Austin stops talking. My husband continues to text and call him for the next five minutes, without response. Then, as I helplessly look on with a hand on his shoulder, my husband frantically calls a series of police departments, trying to remember Austin’s home address out on Staten Island. When the police arrive at Austin’s home, his wife reports that he is not there. She suggests a couple places where he may be.

Time drags on; we lay silently in bed with ominous tension, hearts pounding with dread. When the police finally arrive at Austin’s workplace, stunned officers look through a window to find Austin slumped onto the floor, his mouth around a hose connected to a car’s tailpipe.  Police break glass to get into the garage, desperate to try to save him. The shadow of carbon monoxide discolors Austin’s distorted face. Although medics say he was literally moments from death, hovering between life and total darkness, Austin is revived.

The next day my husband receives a message from Austin’s wife.  She admits that they are divorcing and that she had already kicked him out. Her words pierce deep when she says, “You saved his life.”

I cannot stop the argument from surfacing, like the young woman planning her physician-assisted suicide, Austin and I are the same: he is me, and I am him. Although my past year has been full of therapy and doctors, I too was threatening my life by simply refusing to live it. I may have thought I was on the high road by choosing surgery and radiation over suicide. But poisoned by bitterness, I was not living. Austin tried to waste his precious future life by letting the present control him. I was wasting my precious present life by letting the past control me. My past and his present are and were traumatic, sorrowful, and anxiety-laden. But no matter how cankerous, they cannot tarnish our spotless tomorrows.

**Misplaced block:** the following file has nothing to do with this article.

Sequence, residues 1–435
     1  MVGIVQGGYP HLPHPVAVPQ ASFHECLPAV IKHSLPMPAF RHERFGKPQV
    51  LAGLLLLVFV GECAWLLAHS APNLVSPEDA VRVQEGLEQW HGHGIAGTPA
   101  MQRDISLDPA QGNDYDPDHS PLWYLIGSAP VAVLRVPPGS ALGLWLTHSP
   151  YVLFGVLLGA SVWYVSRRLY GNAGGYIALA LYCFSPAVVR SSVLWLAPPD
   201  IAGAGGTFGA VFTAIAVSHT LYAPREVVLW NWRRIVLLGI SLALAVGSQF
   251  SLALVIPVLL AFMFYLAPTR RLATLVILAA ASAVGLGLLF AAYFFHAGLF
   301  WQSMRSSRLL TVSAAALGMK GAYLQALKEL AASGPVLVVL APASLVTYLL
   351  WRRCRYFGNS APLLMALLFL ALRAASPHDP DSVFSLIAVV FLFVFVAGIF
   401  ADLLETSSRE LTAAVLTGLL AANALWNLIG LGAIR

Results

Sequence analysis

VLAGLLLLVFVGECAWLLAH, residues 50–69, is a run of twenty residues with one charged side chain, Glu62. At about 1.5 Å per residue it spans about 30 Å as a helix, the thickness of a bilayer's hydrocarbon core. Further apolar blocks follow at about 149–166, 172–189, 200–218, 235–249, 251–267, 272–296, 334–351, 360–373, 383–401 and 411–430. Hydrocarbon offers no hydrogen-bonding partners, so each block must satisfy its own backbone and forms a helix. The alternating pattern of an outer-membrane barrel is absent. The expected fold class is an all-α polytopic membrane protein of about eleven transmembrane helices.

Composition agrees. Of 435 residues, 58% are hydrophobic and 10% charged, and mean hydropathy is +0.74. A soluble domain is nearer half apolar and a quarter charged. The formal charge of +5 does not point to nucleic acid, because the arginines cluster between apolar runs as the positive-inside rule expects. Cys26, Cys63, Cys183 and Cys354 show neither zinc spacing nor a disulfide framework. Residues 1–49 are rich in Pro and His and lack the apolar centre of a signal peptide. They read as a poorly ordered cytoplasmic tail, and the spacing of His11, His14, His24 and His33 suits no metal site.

Trouble and Trial bind us with their gnarled, ugly claws. Trauma’s grip ever-tightens as we struggle against it or try to change it. We toss and turn, we sob and wail, we shout that, “It is not fair!” And, truly, it is not fair. But the miracle is this—bound though we may feel by our sorrows, when we let go, our sorrows let go.

“I removed his shoulder from the burden…Thou calledst in trouble, and I delivered thee…”3

When desperation and irrationality threaten our very mortality, I witness that the very simple solution may be to just bury what we’re fighting. If we cannot change it and we cannot live with it, then it is not time to stop living; it is time to live without it.